Portrait on Main Hall Green: Kathy Privatt (Photo by Danny Damiani)

About the series: On Main Hall Green With … is an opportunity to connect with faculty on things in and out of the classroom. We’re featuring a different Lawrence faculty member each time — same questions, different answers.

Story by Ed Berthiaume / Communications

Kathy Privatt and the stage have gone hand in hand for more than two decades of teaching at Lawrence University.

The James G. Ethel M. Barber Professor of Theatre and Drama and associate professor of theater arts has taught in Lawrence’s theater department since 1999. A faculty leader across campus, she currently serves as chair of the Theatre Arts Department and is the university’s faculty athletic representative.

Through those 22 years of teaching, she has annually directed theater students through main stage productions, one-act plays, and a bevy of other theater experiences. When teaching went remote during the COVID-19 pandemic, she deftly transitioned her students into producing radio dramas via Zoom.

She has held the Barber Professorship since 2008. It was originally established in 1985 by Ethel Barber, a 1934 graduate of Milwaukee-Downer College, and recognizes her lifelong interest in and support of the performing arts and higher education.

Privatt earned her bachelor’s degree magna cum laude in theatre and speech at Central Missouri State University and her Ph.D. in theatre from the University of Nebraska.

We caught up with her to talk about her interests in and out of the classroom.

IN THE CLASSROOM

Inside info: What’s one thing you want every student coming into your classes to know about you?

Collaboration drives my work, and I really do expect the whole to be greater than the sum of its parts. When I’m directing a production, the collaborative process may seem obvious, but it’s how I think about teaching, too. Coming to class means we’re all agreeing to show up together, and while I certainly have a plan, I also expect to learn from each student, and for students to learn from each other so that we’re all learning from each other and together.

Getting energized: What work have you done or will you be doing at Lawrence that gets you the most excited? 

Right now, a set of three one-acts that I’ll be directing Winter Term because it’s a joyful collaboration. It all started with student Lexi Praxl’s independent study on contemporary French theatre. As she was collaborating with the reference librarians, she discovered what seemed to be a project to commission new short plays, inspired by the plays of Molière. We reached out to professor Eilene Hoft-March for translation help, and that led to a plan to have a student translator (Claire Chamberlin) create English versions. Now I’m starting production meetings with the designers for two new plays inspired by Molière, and one play by Molière, who was, himself, inspired by the Italian Commedia dell’arte. We’ll be performing these in the year of Molière’s 400th birthday. Oh, and did I mention that I also get to work with other colleagues for pronunciation help in a variety of languages? And this production will be Lexi’s Senior Experience? Collaborating is like going to a really good buffet, and every time you put something on your plate it creates interesting flavors with the food that is already there. It’s delicious, and just a bit intoxicating.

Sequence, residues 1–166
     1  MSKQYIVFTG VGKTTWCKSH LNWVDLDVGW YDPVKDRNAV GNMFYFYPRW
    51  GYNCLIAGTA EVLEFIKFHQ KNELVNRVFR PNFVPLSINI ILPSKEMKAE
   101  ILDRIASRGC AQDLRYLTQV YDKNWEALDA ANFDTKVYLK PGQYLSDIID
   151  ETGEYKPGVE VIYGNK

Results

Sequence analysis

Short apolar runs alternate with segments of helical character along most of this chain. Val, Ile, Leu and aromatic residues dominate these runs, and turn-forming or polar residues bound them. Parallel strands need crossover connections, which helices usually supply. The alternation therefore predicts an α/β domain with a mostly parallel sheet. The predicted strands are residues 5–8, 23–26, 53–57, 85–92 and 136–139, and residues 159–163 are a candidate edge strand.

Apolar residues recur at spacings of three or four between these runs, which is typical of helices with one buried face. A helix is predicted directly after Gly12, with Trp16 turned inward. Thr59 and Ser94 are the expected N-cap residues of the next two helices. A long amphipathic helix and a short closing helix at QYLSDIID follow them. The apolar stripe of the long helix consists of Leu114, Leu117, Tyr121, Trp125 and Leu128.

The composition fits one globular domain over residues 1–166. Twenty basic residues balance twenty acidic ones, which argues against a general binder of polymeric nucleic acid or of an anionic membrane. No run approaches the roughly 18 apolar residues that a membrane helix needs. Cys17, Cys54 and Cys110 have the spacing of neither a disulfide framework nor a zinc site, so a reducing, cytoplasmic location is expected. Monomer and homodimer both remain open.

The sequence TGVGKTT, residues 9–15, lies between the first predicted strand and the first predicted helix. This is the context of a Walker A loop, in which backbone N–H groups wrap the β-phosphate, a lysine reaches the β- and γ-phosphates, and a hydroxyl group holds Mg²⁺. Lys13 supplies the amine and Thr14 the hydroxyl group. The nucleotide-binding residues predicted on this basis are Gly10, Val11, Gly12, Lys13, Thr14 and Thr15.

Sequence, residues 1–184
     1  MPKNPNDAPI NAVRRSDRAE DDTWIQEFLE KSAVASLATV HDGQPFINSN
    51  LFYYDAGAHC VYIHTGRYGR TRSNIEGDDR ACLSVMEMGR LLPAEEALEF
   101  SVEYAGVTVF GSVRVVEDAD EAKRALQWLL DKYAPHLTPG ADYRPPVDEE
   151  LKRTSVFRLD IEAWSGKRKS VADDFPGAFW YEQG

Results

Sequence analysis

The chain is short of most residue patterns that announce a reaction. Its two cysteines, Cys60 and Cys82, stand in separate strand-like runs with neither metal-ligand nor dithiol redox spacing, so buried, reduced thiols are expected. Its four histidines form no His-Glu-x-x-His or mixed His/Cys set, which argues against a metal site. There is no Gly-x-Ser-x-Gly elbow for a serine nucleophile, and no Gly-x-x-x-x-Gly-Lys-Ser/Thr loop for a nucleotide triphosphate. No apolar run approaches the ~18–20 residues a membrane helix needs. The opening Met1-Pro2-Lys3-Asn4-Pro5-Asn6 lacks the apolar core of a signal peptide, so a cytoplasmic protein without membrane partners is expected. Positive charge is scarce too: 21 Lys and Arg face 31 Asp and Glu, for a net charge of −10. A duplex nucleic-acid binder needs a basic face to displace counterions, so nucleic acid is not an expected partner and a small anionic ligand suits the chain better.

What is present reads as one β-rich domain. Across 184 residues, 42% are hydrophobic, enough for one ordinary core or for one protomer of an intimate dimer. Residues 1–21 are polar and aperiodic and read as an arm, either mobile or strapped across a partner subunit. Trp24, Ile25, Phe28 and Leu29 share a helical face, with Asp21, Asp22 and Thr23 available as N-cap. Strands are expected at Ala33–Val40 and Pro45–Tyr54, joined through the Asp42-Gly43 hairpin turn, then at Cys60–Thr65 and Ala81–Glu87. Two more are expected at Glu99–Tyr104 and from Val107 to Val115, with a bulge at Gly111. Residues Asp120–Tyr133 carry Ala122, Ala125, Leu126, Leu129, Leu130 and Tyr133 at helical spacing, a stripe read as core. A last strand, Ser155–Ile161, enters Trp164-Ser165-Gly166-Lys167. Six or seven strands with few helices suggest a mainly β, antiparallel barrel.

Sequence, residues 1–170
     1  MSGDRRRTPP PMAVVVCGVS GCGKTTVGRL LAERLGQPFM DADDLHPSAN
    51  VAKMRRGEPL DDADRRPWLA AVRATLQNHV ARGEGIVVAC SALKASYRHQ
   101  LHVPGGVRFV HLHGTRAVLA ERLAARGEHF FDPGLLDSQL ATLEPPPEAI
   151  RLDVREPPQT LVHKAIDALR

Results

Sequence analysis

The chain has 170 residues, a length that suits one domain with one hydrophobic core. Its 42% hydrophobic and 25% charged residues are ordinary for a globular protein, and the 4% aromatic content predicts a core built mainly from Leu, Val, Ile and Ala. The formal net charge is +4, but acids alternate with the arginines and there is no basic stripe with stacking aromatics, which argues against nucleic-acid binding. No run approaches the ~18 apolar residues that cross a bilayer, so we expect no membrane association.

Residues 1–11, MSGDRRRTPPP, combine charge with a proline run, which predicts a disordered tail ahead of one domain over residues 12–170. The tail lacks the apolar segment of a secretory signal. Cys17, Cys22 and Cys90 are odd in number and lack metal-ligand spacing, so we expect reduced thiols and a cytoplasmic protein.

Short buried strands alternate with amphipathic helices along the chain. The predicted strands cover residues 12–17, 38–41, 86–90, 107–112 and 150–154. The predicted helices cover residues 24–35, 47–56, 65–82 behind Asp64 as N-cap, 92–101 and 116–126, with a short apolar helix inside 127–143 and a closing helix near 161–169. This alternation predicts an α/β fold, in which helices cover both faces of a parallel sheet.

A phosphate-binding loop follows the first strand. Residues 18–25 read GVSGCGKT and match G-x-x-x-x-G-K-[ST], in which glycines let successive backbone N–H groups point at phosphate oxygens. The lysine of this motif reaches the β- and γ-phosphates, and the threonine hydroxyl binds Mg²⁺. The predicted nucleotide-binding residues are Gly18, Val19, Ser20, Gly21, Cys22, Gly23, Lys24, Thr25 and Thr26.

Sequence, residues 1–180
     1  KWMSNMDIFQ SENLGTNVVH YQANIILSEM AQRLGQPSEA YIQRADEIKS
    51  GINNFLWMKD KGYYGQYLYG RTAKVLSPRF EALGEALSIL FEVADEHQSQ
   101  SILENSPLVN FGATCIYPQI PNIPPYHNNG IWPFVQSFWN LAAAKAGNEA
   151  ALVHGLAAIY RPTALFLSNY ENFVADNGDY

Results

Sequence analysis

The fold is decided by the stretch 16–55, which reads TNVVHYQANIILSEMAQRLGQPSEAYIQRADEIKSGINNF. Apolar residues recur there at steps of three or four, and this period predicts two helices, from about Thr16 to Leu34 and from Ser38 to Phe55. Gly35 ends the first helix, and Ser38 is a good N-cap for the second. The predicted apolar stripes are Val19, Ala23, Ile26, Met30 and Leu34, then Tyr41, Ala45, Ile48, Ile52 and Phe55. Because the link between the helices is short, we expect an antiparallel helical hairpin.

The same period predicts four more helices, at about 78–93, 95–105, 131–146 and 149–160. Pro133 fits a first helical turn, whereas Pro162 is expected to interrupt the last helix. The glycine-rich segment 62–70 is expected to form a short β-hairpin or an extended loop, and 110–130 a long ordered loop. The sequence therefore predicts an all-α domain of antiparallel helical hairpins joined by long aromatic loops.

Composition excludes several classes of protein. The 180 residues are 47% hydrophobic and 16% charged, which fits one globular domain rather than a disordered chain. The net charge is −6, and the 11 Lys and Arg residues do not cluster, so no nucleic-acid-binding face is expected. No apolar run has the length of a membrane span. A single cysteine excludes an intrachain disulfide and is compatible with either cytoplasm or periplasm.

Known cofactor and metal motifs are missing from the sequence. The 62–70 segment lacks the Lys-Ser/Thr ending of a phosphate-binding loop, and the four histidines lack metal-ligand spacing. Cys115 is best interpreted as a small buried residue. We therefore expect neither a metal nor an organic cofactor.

Going places: Is there an example of somewhere your career has taken you (either a physical space or something more intellectual, emotional or spiritual) that took you by surprise?

Thanks to former Provost Dave Burrows, I am a certified Alexander Movement Technique (AT) teacher. I love sharing that work, whether through the classes I teach, in workshops, or in individual lessons. What I didn’t expect was to find myself sitting in church, making connections with the metaphors of the Christian faith and ways that AT guides us to experience ourselves in the world – and it feels so organic to me. Those connections have launched me on a project I call Embodying Your Faith, and I’m continuing to build on the collection of workshop sessions I’ve created. Most recently, I finished a set called Belonging that lives on the Spiritual and Religious Life YouTube page.

OUT OF THE CLASSROOM

This or that: If you weren’t teaching for a living, what would you be doing?  

I think I’d be a physical therapist. They’re really effective body-detectives, AND relieve pain.

Right at home: Whether for work, relaxation or reflection, what’s your favorite spot on campus?

My office. I’m a bit of a “nester,” so I’ve filled it with mementos, even toys, that either remind me of someone or some event I’m connected to.

One book, one recording, one film: Name one of each that speaks to your soul? Or you would recommend to a friend? Or both?

Book: Love Wins by Rob Bell. Not a fluffy little examination, and even controversial for some, but to me, this book makes a really compelling case that God love us all, no matter what – period.

Recording: Poncho Sanchez’ Latin Spirit. My husband and I first heard Sanchez at a Jazz Series concert, and I hope I never forget how much sheer joy I felt watching those musicians as the music poured out of them. We bought the CD, and are lucky it still plays because I’ve lost count of the times we’ve put it on to dance a little salsa in the kitchen.

Film: That’s easy, The Princess Bride. I adore fairytales, and this one contains “love, true love” that isn’t afraid to sacrifice for one’s love . . . and the grandpa-reading-a-book frame makes me a little teary-eyed every time. So good.

Ed Berthiaume is director of public information at Lawrence University. Email: ed.c.berthiaume@lawrence.edu